You ran production at Twenty First City for over 30 years. What were some of the highlights?

One of my favorite projects ever was Gaspar Noé’s Enter the Void. That opened the door to other European directors like Isabelle Coixet and Doris Dörrie and showed people, particularly Europeans, that we could make great films here in Japan in a compact, inexpensive way by bringing over just a handful of people. A couple of actors, a cinematographer and assistant director, the director and a couple of producers, sometimes as few as half a dozen people. Then, we crew it up with a local crew and apply the rules and scale of Japanese filmmaking, where we all pitch in and do a lot of good comprehensive preparation.


Talking about different ways of working, what are some of the biggest differences with international crews and how have you handled them?

At the end of the day, there aren’t really any differences. It’s all done in the same manner. Something that I always tell visiting producers, especially for the bigger projects is that we need real lead time here to work on locations. Endless meetings and cups of green tea and discussion and forms and diagrams. But once you get all that done, Japan does want to host films. There are technical differences between the UK and US crews, and they’re always sorted out quickly. For example, the Japanese system often has four assistant directors. One is liaising with the art department, one with the wardrobe department, and one with the actors. I’ve found on recent films that we’ve created a hybrid of the Japanese and the American systems. I reckon American film crews will adopt some of our AD structures in the future because they’ve realized it’s not a bad way to work in a place like this.

You’ve been a big advocate for a Japanese production incentive program. What is your take on the recently announced initiative, and what else needs to be done?

The value of having an incentive system is now well documented, with the actual return on every incentive dollar coming in at five, six, or seven dollars. And Japan, especially in rural areas, really needs that Invigoration. But what has to happen is a simple uniform percentage-based system. And to look at what happens in places like Australia, New Zealand, the UK, and Thailand. Right now, it still seems to be a shared purse, which means that producers can’t really plan for it. Producers need to be able to calculate, to know that if they’ve got a project coming into Japan and their spend is this, the incentives will bring in this amount. That could be pretty easily straightened out.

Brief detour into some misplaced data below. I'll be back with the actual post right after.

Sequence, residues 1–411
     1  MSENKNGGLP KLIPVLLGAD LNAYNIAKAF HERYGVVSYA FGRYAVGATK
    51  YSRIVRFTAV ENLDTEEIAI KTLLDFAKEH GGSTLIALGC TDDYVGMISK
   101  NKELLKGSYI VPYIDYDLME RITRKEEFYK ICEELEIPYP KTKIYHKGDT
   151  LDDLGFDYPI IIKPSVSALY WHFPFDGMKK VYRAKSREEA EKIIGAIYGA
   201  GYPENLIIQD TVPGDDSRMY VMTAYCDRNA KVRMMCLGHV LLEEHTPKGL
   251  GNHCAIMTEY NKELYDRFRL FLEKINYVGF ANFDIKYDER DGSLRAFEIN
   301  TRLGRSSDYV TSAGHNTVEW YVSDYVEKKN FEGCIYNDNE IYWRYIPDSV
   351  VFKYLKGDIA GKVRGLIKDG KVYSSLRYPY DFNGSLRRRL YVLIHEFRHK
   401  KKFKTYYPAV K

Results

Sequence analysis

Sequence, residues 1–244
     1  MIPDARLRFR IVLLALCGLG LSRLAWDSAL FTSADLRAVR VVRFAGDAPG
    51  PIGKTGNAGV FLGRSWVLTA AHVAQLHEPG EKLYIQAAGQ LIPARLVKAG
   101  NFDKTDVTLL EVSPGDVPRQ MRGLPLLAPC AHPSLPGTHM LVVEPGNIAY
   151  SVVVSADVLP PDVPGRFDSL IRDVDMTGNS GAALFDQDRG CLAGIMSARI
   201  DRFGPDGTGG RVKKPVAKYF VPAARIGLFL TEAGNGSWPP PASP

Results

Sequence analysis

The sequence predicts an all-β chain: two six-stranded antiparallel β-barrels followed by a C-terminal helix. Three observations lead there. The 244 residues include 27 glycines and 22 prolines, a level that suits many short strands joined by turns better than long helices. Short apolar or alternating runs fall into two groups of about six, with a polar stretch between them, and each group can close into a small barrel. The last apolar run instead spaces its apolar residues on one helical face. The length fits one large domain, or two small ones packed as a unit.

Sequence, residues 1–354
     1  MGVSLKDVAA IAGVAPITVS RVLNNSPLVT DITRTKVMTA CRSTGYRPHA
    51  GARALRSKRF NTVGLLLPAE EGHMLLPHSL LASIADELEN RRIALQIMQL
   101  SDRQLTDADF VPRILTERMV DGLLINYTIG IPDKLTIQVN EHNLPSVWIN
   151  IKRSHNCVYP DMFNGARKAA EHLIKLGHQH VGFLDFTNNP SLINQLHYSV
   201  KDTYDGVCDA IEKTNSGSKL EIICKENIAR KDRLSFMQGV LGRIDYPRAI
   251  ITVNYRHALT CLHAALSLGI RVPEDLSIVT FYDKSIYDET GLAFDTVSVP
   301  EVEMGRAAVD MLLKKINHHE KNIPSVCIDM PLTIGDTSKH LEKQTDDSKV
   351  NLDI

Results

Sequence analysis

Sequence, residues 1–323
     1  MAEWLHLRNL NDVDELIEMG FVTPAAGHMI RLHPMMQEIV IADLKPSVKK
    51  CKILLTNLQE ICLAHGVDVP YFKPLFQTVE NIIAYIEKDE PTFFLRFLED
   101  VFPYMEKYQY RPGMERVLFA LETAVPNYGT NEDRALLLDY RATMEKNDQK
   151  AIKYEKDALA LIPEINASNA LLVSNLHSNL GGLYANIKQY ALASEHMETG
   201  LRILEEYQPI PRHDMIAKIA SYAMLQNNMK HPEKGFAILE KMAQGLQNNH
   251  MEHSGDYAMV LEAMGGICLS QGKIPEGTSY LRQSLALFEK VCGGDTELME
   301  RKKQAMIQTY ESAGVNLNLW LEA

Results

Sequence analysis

What does the future hold for you and TOHO Tombo?

I’m doing three things. Setting up the best production services shop in town. Running multiple projects with top-notch crew to service American and any overseas work. That’s going to be a big, big element of the company. Secondly, I’m diving into the vaults of TOHO to see what IP that could be remade with international film partners. Obviously, the kaiju world [monsters such as Godzilla] is very much spoken for, doing very well, and doesn’t need my help. But there are real treasures in there. Nothing I can announce yet. Many important overseas filmmakers are interested in what’s in those vaults.  Finally, I believe that with the massive global interest in Japan, there is a market for edgy English language drama and genre films that can be made at a reasonable price but appeal to global markets. I am developing a slate of these lower-budget films. The first one will be a project that I’ve co-written and I plan to direct, which is a sexy little thriller set in one night in Tokyo. I plan to do that this year and follow that with other titles in the not-too-distant future.


Featured image: Monarch: Legacy of Monsters. Courtesy Apple TV.


Gavin Blair

Gavin Blair has been covering the Japanese entertainment sector for The Hollywood Reporter since 2007, and writing about Japan for more than two decades, from business, crime and politics to sport and culture. His work has appeared in publications, as well as on the radio, in Europe, America and Asia. Author of four books including An Illustrated Guide to Samurai History and Culture: From the Age of Musashi to Contemporary Pop Culture and Zen in Japanese Culture: A Visual Journey through Art, Design, and Life